Thursday, October 20, 2022

REVIEW: 'The Good Fight' - Diane and Lyle Cross a Line as Ri'Chard and Liz Plot Against STR Laurie in 'The End of STR Laurie'

Paramount+'s The Good Fight - Episode 6.07 "The End of STR Laurie"

The firm learns major funds are being held by the government due to Russian sanctions, which ultimately leads to a discovery of the FBI's interest in the firm. Parents sue a college for tuition refunds, raising the question "Who is responsible for the ongoing racial discord in this country?"

"The End of STR Laurie" was written by Daniel "Koa" Beaty and directed by Nikki James

Diane and Lyle have crossed a line. Their attraction wasn't just one-sided. It was more than a side effect produced by Diane's treatment. It wasn't simply transference as Diane projected romantic compatibility onto her doctor. She admires how similar they are. They talk about their shared interests. The political divide has always informed her relationship with Kurt. It felt like they found common ground again at the conclusion of the fifth season. And yet, all it takes is distance for Diane to yearn for more. She is once again plagued by these same issues. It's repetitive storytelling. Lyle simply gets to be a new complication. Diane seeks relief through his treatments. She saw a man die right in front of her. A conspiracy suggests he jumped from the firm's office. In reality, he slipped and fell when he was trying to hang a banner on the roof. It was an accident. It should be transformational for Diane. She continues to struggle to make sense of the world. She can no longer decipher between what's real and imaginary. One moment, the workers outside her window are focused on repairing what was broken. And then, they are making out with each other. Diane is hardly the only person questioning the true motives of the people around her. Jay is given information that the new paralegal belongs to a white supremacy group. Jay's new group of resistance fighters have a large-scale operation. They believe they have to prepare their army of soldiers for the coming fight because they can't trust anyone else to defend their interests. A phone is the most powerful weapon they have. It provides crucial context to ever single interaction. It holds people accountable for their actions. The truth is more complicated than what the pictures suggest. The FBI has planted an agent inside the firm. She is trying to get information about the criminal scheme cooked up by Ben-Baruch and STR Laurie. The firm fears they will be implicated in this whole mess. It's all incredibly complicated. And yet, it's painfully simple as well. Liz and Ri'Chard agreed they would stand united in the hopes of ousting STR Laurie from their management structure. Within an episode, they have accomplished that goal. They now have complete control over the firm. They forge a clear division between what was a corrupt influence and what offers the prosperity they envision for the future. All it takes is a carefully placed mop. After that, the firm can focus on itself once more. That too is a familiar story. One that explores who gets to operate with agency in this world. The STR Laurie officials believe they can evade prosecution because they wield power throughout numerous countries. And yet, they schemed to launder Russian money through Israeli cryptocurrency accounts to avoid sanctions. It's a clear and concise takedown. That shows how the drama wants to be obvious with its ambitions as it builds to its end. Some character dimension is lost along the way though.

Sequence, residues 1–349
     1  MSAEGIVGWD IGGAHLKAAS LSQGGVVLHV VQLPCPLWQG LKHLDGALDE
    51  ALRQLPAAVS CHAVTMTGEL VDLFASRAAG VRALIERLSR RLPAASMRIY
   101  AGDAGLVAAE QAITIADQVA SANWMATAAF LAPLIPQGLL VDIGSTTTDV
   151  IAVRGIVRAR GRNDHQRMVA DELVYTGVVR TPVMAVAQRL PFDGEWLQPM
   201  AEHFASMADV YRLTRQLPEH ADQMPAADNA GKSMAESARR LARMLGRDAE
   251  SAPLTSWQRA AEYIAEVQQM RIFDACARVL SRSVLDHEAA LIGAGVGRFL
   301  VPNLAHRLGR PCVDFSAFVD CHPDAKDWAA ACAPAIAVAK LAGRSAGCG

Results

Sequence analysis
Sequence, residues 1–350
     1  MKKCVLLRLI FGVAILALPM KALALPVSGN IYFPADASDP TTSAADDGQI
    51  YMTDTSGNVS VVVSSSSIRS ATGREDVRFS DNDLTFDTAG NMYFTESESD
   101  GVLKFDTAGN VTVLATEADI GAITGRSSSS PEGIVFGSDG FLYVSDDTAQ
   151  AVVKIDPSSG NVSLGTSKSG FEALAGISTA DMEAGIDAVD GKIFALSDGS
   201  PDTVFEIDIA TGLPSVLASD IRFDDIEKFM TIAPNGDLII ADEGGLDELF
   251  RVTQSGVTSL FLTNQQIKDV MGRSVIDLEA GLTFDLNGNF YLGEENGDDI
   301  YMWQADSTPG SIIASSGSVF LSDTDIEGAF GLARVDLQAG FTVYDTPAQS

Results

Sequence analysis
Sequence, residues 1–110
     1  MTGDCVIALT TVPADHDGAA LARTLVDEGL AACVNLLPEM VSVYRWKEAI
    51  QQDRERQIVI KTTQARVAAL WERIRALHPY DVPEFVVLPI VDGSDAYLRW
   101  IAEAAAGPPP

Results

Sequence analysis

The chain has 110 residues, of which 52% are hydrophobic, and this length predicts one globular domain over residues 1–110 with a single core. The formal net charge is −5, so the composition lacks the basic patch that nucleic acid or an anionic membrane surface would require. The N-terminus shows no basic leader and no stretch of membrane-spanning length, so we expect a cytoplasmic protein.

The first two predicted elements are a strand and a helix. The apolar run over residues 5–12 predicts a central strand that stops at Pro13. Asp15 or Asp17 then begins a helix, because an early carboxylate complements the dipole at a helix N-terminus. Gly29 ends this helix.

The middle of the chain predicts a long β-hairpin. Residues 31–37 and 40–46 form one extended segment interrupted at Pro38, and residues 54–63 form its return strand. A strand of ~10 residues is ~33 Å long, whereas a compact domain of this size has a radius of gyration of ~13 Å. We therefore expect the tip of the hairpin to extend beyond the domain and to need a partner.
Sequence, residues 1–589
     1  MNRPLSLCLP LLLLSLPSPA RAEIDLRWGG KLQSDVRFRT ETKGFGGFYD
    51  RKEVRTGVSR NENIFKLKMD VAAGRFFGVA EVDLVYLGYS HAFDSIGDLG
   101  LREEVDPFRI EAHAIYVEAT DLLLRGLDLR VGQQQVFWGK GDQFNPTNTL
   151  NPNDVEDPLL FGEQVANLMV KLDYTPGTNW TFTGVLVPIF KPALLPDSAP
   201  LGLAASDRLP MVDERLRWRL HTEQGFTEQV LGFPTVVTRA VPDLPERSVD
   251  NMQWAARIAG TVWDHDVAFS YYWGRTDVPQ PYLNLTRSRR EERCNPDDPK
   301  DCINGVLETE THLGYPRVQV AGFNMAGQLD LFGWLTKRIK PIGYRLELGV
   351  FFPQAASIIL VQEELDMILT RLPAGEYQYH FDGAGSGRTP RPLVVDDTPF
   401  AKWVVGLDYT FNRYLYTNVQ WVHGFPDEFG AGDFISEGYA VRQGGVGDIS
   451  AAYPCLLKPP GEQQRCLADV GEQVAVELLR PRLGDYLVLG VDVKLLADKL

The cases the firm champion are rarely ever that clear and concise. Most of the time, it's about the various legal sides making deals that every party can agree to. It would be fantastic to argue in a courtroom over who is responsible for firing up the protests that have plagued the city throughout the entire season. Each side blames the other. A college president delivered a speech in outrage against the forces trying to whitewash and forget history. News commentators add fuel to the fire by saying people opposing what they see as simple values are the true destructive forces to a world so close to achieving peace. Under oath, people are required to tell the truth. The news organization says it should avoid any liability because no one should ever treat what they report on seriously. That has proven to be a winning argument. And yet, their words matter. Destructive actions have been carried out as a result. A historically black college and the firm have been targeted by fake grenades. They threaten something coming on November 10. Conveniently, that's the date of the drama's series finale. As such, something explosive is going to happen. All of this will inevitably climax at the last possible second. That simply creates a reality in which everyone is living with dread. They aren't exactly moving forward with a ton of purpose. Of course, they feel as if they have that clarity in their lives. Liz and Ri'Chard are committed to the firm's work. Jay feels empowered by what his new group is doing. Diane has found comfort in her new treatment. And yet, each of these developments can also be seen as holding patterns. They are stuck in their lives striving for more control. Some of their actions are deflecting from the truth. That's the painful reality some of them have to accept. Instead, Liz is thrilled when Diane confides in her about kissing her doctor. They have that kind of relationship now. They don't have to be weary of each other. They are on the same team. They know exactly what they want in their professional dynamics. They work together to create the division between the firm and STR Laurie. They play the FBI by setting a trap. It works flawlessly. Again, these characters can all be dependable in that way. That has afforded a number of enriching stories over the years. However, the narrative clearly aspires for more as well. It always wants to be on the pulse of what's happening in the world. Those ambitions clash with what's necessary to resolve this story concisely for each of the main characters. The attempts to tie them together have been more clunky this year. It may all work out in the end. The journey getting to that point has been bumpy. That's especially true with Diane. Lyle reciprocates her feelings. He wants her to make an appointment elsewhere to continue these treatments. They can then act more truthfully towards one another. And yet, that shouldn't necessarily be seen as a good thing despite how committed the show has been to that path this year to the deference of nearly everything else.